The Invention of the Eyewitness: Witnessing and Testimony in Early Modern France
In an examination of eyewitness travel writing in thirteenth- through sixteenth-century France, Andrea Frisch studies the figure of the witness at a historical juncture and in a cultural context in which that figure is generally thought to have begun to assume a recognizably modern form and function.
Whereas most accounts of early modern travel literature tend to read modern presuppositions about witnessing and testimony back into the material, Frisch approaches the early modern witness in terms of the cultural legacy of the Middle Ages. Through primary readings in law and theology, Frisch documents the tension between the ethical witness (the characteristic witness of premodernity) and the epistemic witness (the modern witness) and explores the impact of that tension on the figure of the witness in pre- and early modern French-language travel literature.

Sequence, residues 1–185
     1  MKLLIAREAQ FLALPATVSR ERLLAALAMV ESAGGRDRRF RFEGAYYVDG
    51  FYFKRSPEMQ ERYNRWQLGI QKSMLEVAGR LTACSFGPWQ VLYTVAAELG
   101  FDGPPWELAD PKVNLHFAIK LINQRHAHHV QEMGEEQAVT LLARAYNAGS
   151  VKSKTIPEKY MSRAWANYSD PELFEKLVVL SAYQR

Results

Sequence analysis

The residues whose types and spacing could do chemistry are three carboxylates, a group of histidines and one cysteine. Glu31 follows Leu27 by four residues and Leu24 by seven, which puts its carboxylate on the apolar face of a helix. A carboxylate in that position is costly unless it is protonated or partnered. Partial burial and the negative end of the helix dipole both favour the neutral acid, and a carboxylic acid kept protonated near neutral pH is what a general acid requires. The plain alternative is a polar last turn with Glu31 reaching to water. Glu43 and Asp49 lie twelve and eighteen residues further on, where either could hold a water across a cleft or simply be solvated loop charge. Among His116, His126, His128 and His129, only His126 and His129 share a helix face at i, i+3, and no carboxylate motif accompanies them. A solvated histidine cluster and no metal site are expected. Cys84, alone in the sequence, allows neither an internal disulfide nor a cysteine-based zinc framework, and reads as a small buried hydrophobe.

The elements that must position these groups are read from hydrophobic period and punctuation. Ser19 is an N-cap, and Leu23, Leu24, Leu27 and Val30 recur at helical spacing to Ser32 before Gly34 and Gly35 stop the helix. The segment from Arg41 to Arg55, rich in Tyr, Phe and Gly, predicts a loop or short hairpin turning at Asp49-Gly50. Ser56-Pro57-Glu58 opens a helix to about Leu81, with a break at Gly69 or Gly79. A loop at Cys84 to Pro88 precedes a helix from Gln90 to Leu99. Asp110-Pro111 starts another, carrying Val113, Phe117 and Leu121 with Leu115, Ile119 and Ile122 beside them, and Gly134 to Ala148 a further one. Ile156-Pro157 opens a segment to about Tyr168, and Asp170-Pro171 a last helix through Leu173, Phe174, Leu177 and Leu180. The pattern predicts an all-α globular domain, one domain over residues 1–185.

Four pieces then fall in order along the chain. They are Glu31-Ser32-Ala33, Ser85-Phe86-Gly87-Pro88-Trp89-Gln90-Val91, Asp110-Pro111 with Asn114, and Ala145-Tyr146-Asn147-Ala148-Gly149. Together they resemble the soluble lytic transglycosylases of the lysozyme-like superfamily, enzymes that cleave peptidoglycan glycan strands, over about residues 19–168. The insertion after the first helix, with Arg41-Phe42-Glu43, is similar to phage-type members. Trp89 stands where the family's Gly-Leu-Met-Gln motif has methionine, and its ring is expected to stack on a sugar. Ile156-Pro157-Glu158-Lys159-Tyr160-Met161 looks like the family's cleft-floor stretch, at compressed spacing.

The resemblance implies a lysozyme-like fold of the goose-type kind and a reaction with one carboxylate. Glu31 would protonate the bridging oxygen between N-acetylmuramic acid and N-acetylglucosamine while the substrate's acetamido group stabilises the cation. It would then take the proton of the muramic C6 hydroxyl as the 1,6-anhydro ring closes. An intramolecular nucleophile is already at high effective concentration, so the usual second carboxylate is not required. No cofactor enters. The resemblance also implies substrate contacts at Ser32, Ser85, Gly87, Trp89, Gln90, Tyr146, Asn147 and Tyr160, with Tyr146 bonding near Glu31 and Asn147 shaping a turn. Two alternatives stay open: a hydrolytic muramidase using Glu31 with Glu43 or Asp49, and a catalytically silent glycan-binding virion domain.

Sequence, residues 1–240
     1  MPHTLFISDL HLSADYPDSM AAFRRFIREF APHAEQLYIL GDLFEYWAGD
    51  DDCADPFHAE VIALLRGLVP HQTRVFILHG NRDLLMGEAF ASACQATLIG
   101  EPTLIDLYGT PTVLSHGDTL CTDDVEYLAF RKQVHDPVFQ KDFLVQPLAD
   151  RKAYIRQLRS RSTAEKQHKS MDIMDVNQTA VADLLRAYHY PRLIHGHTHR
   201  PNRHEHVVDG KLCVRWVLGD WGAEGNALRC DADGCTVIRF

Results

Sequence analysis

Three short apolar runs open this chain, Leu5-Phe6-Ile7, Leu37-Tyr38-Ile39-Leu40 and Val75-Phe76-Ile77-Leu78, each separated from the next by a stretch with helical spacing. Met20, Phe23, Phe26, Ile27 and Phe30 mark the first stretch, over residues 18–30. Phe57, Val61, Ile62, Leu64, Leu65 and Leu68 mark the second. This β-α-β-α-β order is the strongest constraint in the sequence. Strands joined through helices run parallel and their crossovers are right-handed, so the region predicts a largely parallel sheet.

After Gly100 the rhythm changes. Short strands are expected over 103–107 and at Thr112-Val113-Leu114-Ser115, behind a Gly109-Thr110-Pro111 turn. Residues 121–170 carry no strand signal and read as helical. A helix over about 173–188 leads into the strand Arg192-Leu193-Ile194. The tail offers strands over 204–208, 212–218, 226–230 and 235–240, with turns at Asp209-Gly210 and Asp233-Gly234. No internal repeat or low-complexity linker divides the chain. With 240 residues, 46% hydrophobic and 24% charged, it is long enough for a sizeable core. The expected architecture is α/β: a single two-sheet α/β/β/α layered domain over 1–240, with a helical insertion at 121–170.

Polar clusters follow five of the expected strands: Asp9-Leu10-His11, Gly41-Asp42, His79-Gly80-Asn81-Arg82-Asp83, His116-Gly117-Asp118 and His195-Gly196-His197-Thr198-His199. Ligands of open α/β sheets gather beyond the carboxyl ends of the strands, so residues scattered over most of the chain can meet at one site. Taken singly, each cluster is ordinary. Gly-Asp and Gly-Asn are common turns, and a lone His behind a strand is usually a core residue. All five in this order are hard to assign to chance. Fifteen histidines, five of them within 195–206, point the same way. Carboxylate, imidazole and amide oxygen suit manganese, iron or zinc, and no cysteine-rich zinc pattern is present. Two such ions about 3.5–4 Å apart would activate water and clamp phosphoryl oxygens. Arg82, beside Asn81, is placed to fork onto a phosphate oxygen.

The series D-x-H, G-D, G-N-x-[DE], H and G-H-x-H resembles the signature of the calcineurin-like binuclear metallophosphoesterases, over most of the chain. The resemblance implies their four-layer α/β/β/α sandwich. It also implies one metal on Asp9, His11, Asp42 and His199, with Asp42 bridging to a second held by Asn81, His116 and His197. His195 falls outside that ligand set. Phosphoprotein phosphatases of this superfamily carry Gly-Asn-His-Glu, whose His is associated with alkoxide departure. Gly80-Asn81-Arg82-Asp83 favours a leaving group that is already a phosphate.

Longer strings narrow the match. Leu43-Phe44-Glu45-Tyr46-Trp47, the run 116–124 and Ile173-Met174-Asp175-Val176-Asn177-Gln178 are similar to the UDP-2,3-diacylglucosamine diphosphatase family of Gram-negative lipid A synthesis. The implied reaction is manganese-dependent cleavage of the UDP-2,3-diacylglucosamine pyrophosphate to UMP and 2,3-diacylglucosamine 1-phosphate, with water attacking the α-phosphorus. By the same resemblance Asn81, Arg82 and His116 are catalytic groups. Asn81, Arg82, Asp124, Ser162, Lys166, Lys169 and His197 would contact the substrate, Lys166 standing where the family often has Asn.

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Manuals of customary law from the thirteenth and fourteenth centuries give us
some insight into the impact of the advent of inquisitional procedure on witnesses
and witness testimony . Of the surviving documents , the jurist and poet Philippe ...
Because one cannot evaluate their renommée , there is no choice regarding
which procedure to follow : their case must be settled with a duel ( “ Et s ' ils sont
estrange , que l ' en ne puist savoir leur renomee , li gage font a recevoir " ; 1815
Though one cannot yet speak of a single , unified “ French ” procedure by the end
of the sixteenth century , sixteenth - century French sovereigns , especially
François I and Charles IX , significantly expanded the role of the inquest in the